Book Review: 'The View From The Cheap Seats,' By Neil GaimanNeil Gaiman is best-known for his fictional creations, but he is also a prolific producer of essays, album liner notes, speeches and introductions — now collected in The View From the Cheap Seats.
Neil Gaiman is best-known for his fictional creations, but he's no slouch in the nonfiction department. Barely a week goes by without the appearance of a foreword to a reissued book, an introduction to an album, an essay about genre fiction, a speech about the state of literature, a keynote address to one event or another, or a eulogy for a fallen writer that's been penned by him.
The View from the Cheap Seats gathers those bits and morsels, and it's a hefty tome indeed. That said, it's far from complete — an exhaustive collection of Gaiman's nonfiction would take up volumes, considering he started out as a young arts-and-culture journalist in the '80s. What View accomplishes, though, is considerable. Broken up into sections — "What I Believe," "Music and the People Who Make It," "Some People I Have Known," "Make Good Art," and so on — his musings shine with wit, understatement, and a warm lack of pretention. He speaks of "backing awkwardly away from journalism" in his youth, the first step of his eventual metamorphosis into an award-winning fantasy author with a fanatical following, and reflects on the patterns that arise in our lives: "Events rhyme."
Accordingly, View draws order out of the seeming chaos of Gaiman's scattershot career, from journalism to comics to novels to children's books to screen adaptations. He talks about his life, but always through the lens of an external subject, usually an object of passion: the superhero comics of the legendary Jack Kirby, the transgressive songs of Lou Reed, the way "the shape of reality — the way I perceive the world — exists only because of Doctor Who." That was written in 2003, before Gaiman actually wrote for Doctor Who; similarly, his many ruminations on American Gods, his greatest work of prose, take on a deeper resonance now that the book is well on its way to becoming a cable TV series.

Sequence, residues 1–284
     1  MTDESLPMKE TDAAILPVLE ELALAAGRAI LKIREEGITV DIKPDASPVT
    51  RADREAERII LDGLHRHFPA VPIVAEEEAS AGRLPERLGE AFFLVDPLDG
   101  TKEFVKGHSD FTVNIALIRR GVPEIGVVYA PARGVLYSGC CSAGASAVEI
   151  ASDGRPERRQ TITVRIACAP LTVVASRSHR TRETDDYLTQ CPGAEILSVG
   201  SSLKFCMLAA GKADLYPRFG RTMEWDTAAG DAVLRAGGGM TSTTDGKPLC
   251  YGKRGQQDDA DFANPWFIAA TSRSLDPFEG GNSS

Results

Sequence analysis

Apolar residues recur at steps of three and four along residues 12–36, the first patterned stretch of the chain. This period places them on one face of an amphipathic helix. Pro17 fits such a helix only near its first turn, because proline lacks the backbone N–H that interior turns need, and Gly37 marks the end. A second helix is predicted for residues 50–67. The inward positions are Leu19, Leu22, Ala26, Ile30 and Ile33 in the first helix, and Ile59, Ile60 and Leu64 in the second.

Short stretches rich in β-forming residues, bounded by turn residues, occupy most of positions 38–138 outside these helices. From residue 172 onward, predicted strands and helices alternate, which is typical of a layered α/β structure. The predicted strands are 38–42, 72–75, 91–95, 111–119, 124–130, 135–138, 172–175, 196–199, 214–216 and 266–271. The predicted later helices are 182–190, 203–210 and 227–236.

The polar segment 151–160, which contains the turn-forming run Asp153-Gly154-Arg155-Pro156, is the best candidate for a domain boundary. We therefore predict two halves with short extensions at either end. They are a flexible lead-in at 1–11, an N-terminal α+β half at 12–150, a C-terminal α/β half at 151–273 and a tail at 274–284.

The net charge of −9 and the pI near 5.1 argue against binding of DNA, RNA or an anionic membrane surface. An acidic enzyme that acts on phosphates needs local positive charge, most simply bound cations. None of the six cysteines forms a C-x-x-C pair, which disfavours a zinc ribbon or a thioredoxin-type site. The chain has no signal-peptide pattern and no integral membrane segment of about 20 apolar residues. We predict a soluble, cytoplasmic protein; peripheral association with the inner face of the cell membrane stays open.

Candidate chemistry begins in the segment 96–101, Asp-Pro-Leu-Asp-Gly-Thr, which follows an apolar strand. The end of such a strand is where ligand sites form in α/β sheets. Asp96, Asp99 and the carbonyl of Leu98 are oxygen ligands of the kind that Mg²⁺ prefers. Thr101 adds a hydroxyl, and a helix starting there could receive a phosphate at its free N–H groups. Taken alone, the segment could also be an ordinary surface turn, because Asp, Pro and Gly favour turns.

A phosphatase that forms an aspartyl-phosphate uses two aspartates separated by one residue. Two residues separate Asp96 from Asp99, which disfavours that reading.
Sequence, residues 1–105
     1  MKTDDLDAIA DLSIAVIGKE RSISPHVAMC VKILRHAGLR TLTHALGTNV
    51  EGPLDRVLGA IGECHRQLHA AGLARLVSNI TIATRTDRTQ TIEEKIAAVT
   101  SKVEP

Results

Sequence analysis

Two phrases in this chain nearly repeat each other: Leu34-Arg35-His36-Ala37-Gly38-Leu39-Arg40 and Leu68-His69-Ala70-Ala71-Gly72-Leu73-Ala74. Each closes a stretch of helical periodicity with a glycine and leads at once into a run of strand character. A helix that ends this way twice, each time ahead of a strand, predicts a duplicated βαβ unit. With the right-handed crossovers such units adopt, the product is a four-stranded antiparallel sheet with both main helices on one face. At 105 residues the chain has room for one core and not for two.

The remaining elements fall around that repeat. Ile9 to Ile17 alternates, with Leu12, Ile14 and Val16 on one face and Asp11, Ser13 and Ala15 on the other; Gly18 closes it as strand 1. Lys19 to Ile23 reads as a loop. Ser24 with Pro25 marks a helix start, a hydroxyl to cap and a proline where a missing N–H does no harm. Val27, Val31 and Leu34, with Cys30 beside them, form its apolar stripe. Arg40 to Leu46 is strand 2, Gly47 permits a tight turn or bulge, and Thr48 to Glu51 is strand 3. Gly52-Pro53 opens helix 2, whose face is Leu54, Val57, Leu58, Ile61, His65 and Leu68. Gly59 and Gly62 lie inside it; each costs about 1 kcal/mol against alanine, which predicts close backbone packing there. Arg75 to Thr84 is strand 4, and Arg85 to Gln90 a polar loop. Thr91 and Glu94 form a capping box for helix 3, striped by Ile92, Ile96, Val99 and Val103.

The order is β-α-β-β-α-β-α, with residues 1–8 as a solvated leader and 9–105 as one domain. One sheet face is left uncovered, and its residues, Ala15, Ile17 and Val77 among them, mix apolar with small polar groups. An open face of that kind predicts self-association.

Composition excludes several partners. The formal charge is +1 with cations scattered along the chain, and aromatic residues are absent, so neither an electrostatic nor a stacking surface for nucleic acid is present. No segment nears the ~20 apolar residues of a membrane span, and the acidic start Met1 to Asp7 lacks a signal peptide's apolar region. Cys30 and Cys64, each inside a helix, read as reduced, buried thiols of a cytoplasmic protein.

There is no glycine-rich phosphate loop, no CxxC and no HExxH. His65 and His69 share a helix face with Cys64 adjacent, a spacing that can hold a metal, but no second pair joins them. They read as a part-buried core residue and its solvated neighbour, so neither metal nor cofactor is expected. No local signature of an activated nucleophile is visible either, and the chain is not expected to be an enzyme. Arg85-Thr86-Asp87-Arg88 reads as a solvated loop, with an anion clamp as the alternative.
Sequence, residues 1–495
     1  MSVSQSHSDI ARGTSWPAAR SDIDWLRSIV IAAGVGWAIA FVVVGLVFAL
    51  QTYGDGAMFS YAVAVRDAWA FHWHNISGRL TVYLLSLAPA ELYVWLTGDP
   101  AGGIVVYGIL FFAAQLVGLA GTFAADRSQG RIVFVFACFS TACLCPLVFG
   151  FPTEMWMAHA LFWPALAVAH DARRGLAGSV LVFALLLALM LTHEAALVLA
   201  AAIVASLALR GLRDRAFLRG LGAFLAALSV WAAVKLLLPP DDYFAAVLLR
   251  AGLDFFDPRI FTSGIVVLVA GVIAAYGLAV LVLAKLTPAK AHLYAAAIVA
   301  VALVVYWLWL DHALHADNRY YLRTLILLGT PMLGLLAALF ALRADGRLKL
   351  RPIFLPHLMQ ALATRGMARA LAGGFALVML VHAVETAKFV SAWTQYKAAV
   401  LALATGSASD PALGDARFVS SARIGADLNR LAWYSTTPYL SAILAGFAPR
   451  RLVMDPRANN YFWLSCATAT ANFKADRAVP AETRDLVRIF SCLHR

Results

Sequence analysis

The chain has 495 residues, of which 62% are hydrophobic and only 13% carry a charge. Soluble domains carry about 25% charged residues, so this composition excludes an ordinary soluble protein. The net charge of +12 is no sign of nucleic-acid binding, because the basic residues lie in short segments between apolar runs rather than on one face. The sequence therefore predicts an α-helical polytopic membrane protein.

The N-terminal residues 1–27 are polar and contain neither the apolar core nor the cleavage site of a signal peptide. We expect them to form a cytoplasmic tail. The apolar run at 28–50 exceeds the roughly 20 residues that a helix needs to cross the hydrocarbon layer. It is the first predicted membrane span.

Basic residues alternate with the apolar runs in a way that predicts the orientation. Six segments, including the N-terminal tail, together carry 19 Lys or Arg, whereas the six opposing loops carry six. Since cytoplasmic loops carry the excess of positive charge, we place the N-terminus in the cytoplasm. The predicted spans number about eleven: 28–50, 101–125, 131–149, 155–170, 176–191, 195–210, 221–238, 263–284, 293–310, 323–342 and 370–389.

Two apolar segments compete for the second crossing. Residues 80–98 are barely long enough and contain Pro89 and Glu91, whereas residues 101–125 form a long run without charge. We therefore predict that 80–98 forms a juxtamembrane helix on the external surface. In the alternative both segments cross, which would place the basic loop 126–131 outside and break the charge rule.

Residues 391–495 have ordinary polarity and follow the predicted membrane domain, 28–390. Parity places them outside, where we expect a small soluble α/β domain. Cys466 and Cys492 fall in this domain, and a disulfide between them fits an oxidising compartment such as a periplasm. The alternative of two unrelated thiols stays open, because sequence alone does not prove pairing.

Gaiman is a writer above all, though, and his entries about writing and reading make up the meat of View. They range from the deeply personal, eerily poignant "Ghosts in the Machines: Some Hallowe'en Thoughts," first published in the New York Times, to an appreciation of the element of dreams in H.P. Lovecraft's work — a particularly illuminating topic, as one of Gaiman's most beloved characters, Morpheus of The Sandman, is the deity of dreams himself. Even more intriguing is "All Books Have Genders," a meditation on the making of American Gods — as well as a humble assessment of his authorial flaws — in which he offers the succinct slogan "Novels accrete," an entire master class on the creative process summed up gracefully in two words.
As these sorts of odds-and-ends collections typically are, View is a mixed bag, both in subject matter and quality. For every astute, incisive essay like "All Books Have Genders," there's "A Speech to Professionals Contemplating Alternative Employment, Given at PROCON, April 1997," a piece of rambling, insider-baseball advice aimed at a room of comic book professionals that's as ungainly a read as its title would imply. Still, even in that speech, there are nuggets of wisdom and insight worth pondering. It's an intriguing snapshot of the state of publishing circa the end of the 20th century, just before the Internet changed everything.
Together these assorted tidbits form a mosaic — a composite picture of Gaiman as a writer, but also as a thinker, a cult figure, and barometer of genre fiction's trends and sentiments over the past 20-odd years. Not to mention an unassuming guy who just so happens to be a brilliant, best-selling author. As such, View is not only invaluable, but engrossing.
Jason Heller is a senior writer atThe A.V. Club, a Hugo Award-winning editor and author of the novel Taft 2012.